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and, in one case, more than a little simple. All the men were Iranians from Kangan, a Persian port they pronounced "Kan goon." The men spoke Arabic among themselves, not the Persian language, Farsi. Were t hey Arabs or Irania ns? I asked the captain. Well, it depended, he said, but rea lly they were both. Or either. Aziz was a Kuwait-registered ship built five years earlier in Qatar, where Jassim's brother ran the fam ily's merchant trading business. Aziz sailed the eastern waters of the Gulf and called at all the Persian Gulf ports of Iran. I slept at night, or dozed really, wrapped h alf around the helmsman on the shelf of the wh eelhouse. There was no room to stretch out. This little hutch was also the captai n's cabin, but all the time we were at sea, AhmedJassim maintained watch from his place on the crates, snatching perhaps an hour or two of sleep at dawn or after the midday meal. I never knew where, among all the boxes jam med on deck, everyone else slept. Even the ship's cat seemed constantly to be looking for a comfortable spot. Our nakhoda took no bearings. He navigated by keeping a close eye on landmark flares ashore, the patterns of the sky, the barely perceptible breeze, and the flow and color of the water. Our sai l required little adjustment-one rope eased to starboard and a couple hauled in to port, an operation that infinitesimally modified the angle of the ya rd to the mast and the sail to the wind. Because a dhow has no standing rigging, a shift of the sail can be, and usually is, a rousing exertion.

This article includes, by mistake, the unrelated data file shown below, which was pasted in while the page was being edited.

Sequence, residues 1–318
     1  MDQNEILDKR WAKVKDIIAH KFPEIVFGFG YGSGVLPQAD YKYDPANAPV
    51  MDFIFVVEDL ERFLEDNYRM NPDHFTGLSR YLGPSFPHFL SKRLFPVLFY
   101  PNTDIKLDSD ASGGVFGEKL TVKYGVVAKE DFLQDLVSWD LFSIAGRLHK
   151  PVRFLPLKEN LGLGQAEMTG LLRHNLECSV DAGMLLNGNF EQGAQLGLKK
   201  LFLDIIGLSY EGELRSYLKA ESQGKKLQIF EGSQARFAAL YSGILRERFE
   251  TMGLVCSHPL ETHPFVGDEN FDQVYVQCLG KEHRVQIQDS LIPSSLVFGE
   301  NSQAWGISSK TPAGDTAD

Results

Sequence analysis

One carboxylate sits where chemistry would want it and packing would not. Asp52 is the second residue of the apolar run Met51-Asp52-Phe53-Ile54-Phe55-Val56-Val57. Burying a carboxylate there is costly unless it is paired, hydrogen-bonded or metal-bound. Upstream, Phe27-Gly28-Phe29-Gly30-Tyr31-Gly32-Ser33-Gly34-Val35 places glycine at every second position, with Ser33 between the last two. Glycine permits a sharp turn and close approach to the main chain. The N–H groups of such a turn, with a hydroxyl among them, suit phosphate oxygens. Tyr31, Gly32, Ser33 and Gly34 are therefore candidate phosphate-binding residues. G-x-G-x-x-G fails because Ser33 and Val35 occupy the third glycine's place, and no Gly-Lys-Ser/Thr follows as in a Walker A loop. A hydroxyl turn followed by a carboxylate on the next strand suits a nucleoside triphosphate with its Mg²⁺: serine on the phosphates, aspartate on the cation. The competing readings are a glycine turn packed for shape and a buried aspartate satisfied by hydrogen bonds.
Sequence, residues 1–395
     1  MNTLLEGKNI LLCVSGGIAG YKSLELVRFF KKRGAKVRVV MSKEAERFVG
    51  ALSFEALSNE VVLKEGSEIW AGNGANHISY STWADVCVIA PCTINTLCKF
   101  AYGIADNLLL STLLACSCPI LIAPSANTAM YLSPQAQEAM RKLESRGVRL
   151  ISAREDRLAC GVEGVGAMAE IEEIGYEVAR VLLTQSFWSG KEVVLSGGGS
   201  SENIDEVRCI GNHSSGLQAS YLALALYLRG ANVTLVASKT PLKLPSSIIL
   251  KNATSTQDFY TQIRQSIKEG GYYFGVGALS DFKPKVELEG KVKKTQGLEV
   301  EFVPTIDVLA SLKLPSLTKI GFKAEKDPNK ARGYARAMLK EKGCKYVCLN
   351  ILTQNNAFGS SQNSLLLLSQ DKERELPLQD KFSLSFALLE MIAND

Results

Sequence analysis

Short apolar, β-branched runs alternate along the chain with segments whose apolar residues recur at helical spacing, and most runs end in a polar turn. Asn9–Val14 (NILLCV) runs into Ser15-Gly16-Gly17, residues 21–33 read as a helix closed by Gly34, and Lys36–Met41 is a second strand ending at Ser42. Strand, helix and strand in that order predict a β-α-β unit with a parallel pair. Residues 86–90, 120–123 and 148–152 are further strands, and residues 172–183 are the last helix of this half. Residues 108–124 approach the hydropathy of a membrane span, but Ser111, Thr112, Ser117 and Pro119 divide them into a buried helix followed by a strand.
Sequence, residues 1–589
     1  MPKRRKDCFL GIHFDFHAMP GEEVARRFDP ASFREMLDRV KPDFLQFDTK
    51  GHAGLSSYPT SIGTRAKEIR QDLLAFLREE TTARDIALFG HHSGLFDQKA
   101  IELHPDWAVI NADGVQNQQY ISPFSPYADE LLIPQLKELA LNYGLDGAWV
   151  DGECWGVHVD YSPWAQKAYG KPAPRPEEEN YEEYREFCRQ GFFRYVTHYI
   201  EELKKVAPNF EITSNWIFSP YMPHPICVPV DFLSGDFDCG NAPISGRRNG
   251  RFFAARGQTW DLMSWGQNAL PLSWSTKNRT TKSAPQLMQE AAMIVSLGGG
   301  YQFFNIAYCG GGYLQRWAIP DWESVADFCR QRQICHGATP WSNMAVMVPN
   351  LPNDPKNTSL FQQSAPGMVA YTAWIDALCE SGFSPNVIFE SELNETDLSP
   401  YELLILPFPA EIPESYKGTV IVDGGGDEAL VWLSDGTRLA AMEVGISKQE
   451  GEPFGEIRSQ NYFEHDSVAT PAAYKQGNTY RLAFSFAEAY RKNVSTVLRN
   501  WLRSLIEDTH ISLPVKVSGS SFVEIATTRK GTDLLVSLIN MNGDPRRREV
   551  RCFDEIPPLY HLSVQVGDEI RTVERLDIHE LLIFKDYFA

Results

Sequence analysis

The seventy-foot Aziz was my first experience voyaging in a trading dhow. (below) Their version ofa lead line: taking soundings in the Persian Gulf

Abu Dhabi In the 1970s, Abu Dhabi was home to the richest people in the world; under the emirate's 25,000 square miles of desert, lay oil reserves estimated at twenty billion barrels. The harbor, for all that prodigious wealth, was modest at best. Abu Dhabi, though, was never a major dhow center. We had expected to stay in Abu Dhabi no more than two or three days. We were there a week. In time o ur business was finished, the ship was cleared, a manifest issued, and we were off-all the way to the lee side of the harbor wall. In the last day or two the wind had piped up and the sea became a choppy grey. Here we tied up to SEA HISTORY 154, SPRING 2016

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Sea History 154 - Spring 2016  

10 The 2016 National Maritime Awards Dinner • 12 ICMM in Hong Kong, the 2015 International Congress of Maritime Museums, by Burchenal Green...

Sea History 154 - Spring 2016  

10 The 2016 National Maritime Awards Dinner • 12 ICMM in Hong Kong, the 2015 International Congress of Maritime Museums, by Burchenal Green...

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